A Misleading Account of Stuttering Treatment Research A recent ASHA Leader article (July 2014) by Peter Reitzes on parent-administered treatment for preschoolers who stutter makes claims for the efficacy of some treatments that are both misleading and not evidence-based. He refers to a study by Franken and colleagues, published in 2005, and an unpublished study reported by ... Inbox
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Inbox  |   November 01, 2014
A Misleading Account of Stuttering Treatment Research
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Speech, Voice & Prosodic Disorders / Fluency Disorders / Inbox
Inbox   |   November 01, 2014
A Misleading Account of Stuttering Treatment Research
The ASHA Leader, November 2014, Vol. 19, 4. doi:10.1044/leader.IN2.19112014.4
The ASHA Leader, November 2014, Vol. 19, 4. doi:10.1044/leader.IN2.19112014.4
A recent ASHA Leader article (July 2014) by Peter Reitzes on parent-administered treatment for preschoolers who stutter makes claims for the efficacy of some treatments that are both misleading and not evidence-based. He refers to a study by Franken and colleagues, published in 2005, and an unpublished study reported by Franken using the same research design with a larger group of young children who stutter. These studies purport to compare the outcomes of the Lidcombe Program and a Demands and Capacities treatment approach, and find the results to be indistinguishable. However, it is a well-known fact that preschool children who stutter have high rates of untreated recovery, especially those children who have been stuttering for between six and 15 months, which characterizes many of the children in Franken’s groups. Therefore, data from a matched untreated control group of children who stutter are absolutely essential to show that any speech performance improvement (from either treatment) exceeded what likely would have occurred without treatment.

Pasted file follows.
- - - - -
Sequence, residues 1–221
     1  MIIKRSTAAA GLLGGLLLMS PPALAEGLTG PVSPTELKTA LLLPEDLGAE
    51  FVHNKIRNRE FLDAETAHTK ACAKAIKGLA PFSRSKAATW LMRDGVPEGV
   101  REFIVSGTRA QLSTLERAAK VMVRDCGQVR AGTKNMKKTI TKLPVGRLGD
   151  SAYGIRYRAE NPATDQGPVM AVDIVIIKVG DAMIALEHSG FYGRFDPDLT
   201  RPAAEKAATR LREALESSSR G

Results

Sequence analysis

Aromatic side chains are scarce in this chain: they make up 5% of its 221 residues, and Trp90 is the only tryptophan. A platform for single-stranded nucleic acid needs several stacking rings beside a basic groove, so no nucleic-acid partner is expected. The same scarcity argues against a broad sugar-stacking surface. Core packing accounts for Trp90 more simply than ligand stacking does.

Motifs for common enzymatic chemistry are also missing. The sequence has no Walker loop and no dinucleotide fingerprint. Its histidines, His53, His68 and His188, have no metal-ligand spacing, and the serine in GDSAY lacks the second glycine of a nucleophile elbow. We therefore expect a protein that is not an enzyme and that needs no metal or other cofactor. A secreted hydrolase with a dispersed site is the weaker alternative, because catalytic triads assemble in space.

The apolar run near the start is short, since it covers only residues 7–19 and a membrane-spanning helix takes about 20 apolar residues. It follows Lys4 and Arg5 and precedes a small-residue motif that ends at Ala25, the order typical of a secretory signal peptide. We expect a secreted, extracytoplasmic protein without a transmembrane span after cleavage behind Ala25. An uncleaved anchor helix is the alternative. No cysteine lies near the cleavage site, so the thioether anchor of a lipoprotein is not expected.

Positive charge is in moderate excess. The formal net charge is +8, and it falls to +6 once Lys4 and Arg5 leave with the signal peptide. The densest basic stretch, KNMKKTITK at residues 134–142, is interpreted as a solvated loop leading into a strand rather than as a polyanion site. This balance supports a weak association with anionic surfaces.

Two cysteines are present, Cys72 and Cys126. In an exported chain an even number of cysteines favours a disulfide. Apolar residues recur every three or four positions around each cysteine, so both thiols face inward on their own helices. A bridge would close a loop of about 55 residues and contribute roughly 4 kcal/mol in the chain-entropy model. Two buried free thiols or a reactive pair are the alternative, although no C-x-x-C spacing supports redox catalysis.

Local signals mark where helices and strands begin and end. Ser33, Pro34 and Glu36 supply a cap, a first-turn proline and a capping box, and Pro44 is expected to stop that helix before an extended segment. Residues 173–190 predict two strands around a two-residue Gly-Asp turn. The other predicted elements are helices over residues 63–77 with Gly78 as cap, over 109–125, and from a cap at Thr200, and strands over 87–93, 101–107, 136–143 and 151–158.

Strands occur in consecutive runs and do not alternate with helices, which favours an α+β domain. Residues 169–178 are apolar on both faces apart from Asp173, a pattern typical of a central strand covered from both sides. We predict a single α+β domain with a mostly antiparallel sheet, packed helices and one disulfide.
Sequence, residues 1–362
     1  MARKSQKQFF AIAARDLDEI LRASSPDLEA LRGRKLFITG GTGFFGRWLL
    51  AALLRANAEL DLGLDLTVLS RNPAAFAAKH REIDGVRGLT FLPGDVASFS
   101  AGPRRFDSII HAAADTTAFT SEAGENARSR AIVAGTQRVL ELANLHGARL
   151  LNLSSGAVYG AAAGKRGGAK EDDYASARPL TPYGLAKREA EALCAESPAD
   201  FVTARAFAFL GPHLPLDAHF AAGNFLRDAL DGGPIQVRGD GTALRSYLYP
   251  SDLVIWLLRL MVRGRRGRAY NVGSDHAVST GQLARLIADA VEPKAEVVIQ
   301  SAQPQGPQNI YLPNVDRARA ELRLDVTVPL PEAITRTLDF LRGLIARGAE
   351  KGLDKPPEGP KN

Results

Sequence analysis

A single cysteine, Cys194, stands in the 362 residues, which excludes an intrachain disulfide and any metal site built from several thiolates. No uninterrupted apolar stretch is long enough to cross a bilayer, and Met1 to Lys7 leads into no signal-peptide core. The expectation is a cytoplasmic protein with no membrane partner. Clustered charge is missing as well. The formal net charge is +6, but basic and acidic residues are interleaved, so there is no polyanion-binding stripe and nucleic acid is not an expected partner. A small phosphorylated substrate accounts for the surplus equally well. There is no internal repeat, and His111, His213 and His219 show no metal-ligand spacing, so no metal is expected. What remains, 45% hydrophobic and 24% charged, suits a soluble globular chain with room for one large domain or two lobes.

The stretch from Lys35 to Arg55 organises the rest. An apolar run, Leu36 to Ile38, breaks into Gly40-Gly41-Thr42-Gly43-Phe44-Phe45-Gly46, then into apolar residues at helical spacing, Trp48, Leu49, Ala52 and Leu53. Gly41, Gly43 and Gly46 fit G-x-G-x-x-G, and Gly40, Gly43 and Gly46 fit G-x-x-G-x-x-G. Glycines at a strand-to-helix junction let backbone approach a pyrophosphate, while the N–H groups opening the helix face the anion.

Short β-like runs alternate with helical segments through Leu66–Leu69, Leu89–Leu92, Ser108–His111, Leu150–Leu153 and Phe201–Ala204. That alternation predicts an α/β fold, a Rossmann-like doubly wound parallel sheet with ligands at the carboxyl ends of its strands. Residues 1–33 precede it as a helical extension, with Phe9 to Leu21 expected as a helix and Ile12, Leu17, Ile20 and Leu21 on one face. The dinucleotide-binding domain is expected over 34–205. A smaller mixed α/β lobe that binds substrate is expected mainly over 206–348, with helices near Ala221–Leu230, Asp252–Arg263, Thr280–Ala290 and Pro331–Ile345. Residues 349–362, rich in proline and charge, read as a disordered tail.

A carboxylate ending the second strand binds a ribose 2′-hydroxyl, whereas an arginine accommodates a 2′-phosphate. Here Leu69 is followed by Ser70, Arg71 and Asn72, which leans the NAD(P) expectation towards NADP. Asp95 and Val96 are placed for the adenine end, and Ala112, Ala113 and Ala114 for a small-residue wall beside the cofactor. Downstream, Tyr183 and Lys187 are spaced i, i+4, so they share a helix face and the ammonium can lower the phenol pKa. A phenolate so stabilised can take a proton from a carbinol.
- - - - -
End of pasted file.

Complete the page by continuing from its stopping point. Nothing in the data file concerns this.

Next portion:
This fatal flaw in Franken and colleagues’ 2005 study (and repeated in the larger study as well) was pointed out in a comprehensive systematic review of treatments for children who stutter. Because Reitzes espouses, appropriately, the importance of speech-language pathologists relying on principles of evidence-based practice, it is puzzling that the negative evaluation reported in this seminal article is not acknowledged.
Please see our blog post on ASHAsphere for a more detailed explanation and references.
Roger J. Ingham and Janis Costello Ingham, Santa Barbara, California
Peter Reitzes responds:
The Inghams write that aspects of my article are “misleading and not evidence-based.” I easily found seven publications in which Roger Ingham or Ingham and colleagues used the word “misleading” when discussing others’ work. Perhaps when Ingham says “misleading,” he means, “I disagree with your perspective.” It is understandable that Nan Bernstein Ratner encouraged him to take a “‘time-out’ from publishing these types of mass indictments.” Ingham has expressed concern over issues in our field being “overstated”; however, evidence suggests that Ingham himself may be a leading cause of this problem.
In several letters, he criticized the Camperdown program for overlooking and not integrating his work into their program. For example, Prins and Ingham wrote, “The authors failed to consider the relevant literature,” and then cited Ingham 12 times in their critique. The Inghams fault me for not citing what they call a “seminal article” by Roger Ingham and colleagues. One may wonder if Ingham, at times, confuses ego-based practice with evidence- based practice.
I note that the limitation the Inghams ascribe to my coverage of Franken’s work appears to be true of all work to date looking at treatment of young children during the dynamic period of spontaneous recovery from stuttering. When spontaneous recovery from a medical condition is approximately 80 to 85 percent, the number of children in each arm of a treatment study needs to be, at least, somewhere over 175 children. No study to date, whether preferred by the Inghams or not, has met this challenge.

The Leader provides a forum for members to express their opinions on clinical and other topics. We thank the writers for presenting alternative views of this issue.

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FROM THIS ISSUE
November 2014
Volume 19, Issue 11